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Townes-Brocks syndrome


Townes-Brocks syndrome (TBS) is an autosomal dominant disorder with multiple malformations and variable expression. Major findings include external ear anomalies, hearing loss, preaxial polydactyly and triphalangeal thumbs, imperforate anus, and renal malformations. Most patients with Townes-Brocks syndrome have normal intelligence, although mental retardation has been noted in a few.

  • Townes-Brocks syndrome
  • chromosome 16q12.1
  • SALL1

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The gene for Townes-Brocks syndrome was mapped to 16q12.1 through identifying subjects with TBS and cytogenetic abnormalities.1-4 Mutations in a candidate gene, SALL1, have been found in one family and in an isolated case with typical features of this syndrome.5

Townes-Brocks syndrome is an autosomal dominant multiple malformation syndrome characterised by external ear malformations with sensorineural hearing loss, thumb anomalies, and anorectal malformation. Intelligence is usually normal, although mild-moderate mental retardation has been reported.6 7 Townes and Brocks first described the syndrome in 1972.8 Since that time over 65 cases have been published1-3 5-21 (table 1).

Table 1

Summary of familial and isolated Townes-Brocks syndrome cases previously reported1-150

Diagnostic criteria suggested for TBS include two or more of the following: (1) anorectal malformation (imperforate anus, anteriorly placed anus, anal stenosis); (2) hand malformation (preaxial polydactyly, triphalangeal thumb, bifid thumb); (3) external ear malformation (microtia, “satyr” or “lop” ear, preauricular tags or pits) with sensorineural hearing loss; (4) a relative with the syndrome.22 REAR syndrome (renal-ear-anal-radial) has also been a term used to describe this condition.10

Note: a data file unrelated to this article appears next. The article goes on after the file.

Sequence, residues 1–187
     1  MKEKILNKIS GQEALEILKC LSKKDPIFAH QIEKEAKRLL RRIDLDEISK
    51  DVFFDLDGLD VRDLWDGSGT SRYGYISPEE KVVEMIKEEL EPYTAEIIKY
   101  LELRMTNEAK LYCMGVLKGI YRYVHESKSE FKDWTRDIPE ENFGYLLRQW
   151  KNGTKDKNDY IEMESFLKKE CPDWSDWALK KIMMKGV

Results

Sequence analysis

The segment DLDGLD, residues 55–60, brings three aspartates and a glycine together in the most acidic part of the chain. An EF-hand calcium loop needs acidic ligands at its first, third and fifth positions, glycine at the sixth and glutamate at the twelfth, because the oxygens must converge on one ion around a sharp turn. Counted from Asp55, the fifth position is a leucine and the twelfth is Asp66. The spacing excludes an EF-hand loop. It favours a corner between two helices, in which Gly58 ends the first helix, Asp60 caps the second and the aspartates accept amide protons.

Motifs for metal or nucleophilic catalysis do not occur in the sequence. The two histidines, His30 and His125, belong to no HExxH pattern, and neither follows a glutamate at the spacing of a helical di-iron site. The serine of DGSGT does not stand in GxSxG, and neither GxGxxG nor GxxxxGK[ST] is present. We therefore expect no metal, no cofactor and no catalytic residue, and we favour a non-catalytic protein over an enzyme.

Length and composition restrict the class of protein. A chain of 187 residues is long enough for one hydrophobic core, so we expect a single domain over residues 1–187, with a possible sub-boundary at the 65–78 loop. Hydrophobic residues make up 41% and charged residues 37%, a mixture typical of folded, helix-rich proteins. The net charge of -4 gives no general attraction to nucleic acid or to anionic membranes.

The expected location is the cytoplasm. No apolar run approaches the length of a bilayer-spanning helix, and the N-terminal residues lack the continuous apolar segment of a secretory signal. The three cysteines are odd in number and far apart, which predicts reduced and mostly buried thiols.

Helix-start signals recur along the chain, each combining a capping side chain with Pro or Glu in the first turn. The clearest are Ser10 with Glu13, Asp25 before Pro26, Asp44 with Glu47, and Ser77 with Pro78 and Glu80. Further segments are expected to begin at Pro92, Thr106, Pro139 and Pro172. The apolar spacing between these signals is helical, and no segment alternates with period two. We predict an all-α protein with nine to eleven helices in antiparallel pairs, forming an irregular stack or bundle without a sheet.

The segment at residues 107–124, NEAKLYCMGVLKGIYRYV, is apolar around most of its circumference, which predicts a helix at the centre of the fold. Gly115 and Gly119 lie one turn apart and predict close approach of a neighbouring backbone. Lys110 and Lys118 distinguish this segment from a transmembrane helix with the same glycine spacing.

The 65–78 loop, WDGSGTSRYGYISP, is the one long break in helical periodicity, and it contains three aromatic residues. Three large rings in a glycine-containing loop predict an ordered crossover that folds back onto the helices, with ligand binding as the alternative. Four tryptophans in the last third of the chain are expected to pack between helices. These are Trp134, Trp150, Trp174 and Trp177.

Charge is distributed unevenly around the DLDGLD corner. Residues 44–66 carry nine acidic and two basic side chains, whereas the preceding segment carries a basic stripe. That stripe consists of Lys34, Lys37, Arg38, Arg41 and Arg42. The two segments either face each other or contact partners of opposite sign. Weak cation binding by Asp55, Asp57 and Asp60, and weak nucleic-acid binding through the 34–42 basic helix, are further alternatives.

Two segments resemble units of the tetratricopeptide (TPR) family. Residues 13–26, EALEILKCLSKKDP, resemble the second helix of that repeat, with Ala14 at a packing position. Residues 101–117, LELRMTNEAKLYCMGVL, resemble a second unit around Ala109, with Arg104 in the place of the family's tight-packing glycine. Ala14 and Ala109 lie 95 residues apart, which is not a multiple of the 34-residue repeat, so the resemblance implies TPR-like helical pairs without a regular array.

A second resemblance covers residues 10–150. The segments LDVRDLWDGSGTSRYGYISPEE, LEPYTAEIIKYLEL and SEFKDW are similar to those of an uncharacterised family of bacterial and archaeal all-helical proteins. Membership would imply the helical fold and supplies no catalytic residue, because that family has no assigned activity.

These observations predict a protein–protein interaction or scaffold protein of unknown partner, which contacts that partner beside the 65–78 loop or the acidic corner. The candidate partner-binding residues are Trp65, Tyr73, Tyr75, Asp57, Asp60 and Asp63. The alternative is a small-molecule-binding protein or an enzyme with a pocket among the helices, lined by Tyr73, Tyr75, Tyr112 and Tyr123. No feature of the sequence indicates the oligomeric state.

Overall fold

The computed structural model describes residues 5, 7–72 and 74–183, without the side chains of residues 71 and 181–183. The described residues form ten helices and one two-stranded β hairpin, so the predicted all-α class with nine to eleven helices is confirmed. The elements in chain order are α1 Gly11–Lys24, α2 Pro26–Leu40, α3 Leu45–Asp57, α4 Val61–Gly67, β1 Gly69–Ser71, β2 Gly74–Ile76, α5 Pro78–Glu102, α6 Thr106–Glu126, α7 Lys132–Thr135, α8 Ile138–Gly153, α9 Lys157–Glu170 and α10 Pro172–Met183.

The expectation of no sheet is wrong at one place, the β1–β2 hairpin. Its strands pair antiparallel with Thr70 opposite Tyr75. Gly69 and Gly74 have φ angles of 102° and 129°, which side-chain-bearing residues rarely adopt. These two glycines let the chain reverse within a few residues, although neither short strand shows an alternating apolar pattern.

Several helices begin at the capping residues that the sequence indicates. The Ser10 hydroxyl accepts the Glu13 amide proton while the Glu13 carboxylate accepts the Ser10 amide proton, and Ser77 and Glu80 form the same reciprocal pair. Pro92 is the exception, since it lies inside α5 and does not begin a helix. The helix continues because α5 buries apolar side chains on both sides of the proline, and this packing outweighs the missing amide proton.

Clinical features


External auricular anomalies in TBS typically include small ears with an overfolded superior helix and small anthelix, sometimes cupped, with preauricular tags (fig 1). Other descriptive terms reported for ear shape include “satyr” and “lop”. Hearing loss is common in TBS, ranging from mild to profound. It is usually congenital and primarily sensorineural, although a small conductive component is often present. At least in some patients it is progressive, and is worse in the high frequencies.13 Structural middle ear anomalies have been reported and include hypoplastic malleus head and abnormally shaped oval window and incus.16

Figure 1

Dysplastic ear with preauricular tag and cheek tag in a child with Townes-Brocks syndrome.


The most common limb malformations are triphalangeal thumb and preaxial polydactyly with a well formed or vestigial digit. Bifurcation, ulnar deviation, or broad appearance of the distal phalanx of the thumb are also common (figs 2 and 3). Finger syndactyly has been reported in some patients with TBS. Toe anomalies occur less frequently than thumb anomalies but those described include short third toe/metatarsal, overlapping toes (typically second and fourth overlapping third), syndactyly of the third and fourth toes, and absent third toe (fig 4, table1).

Figure 2

Preaxial polydactyly and bifid distal phalanx of thumb with ulnar deviation in a patient with Townes-Brocks syndrome.

Figure 3

Ulnar deviation of distal phalanges of the thumbs in a patient with Townes-Brocks syndrome.

Figure 4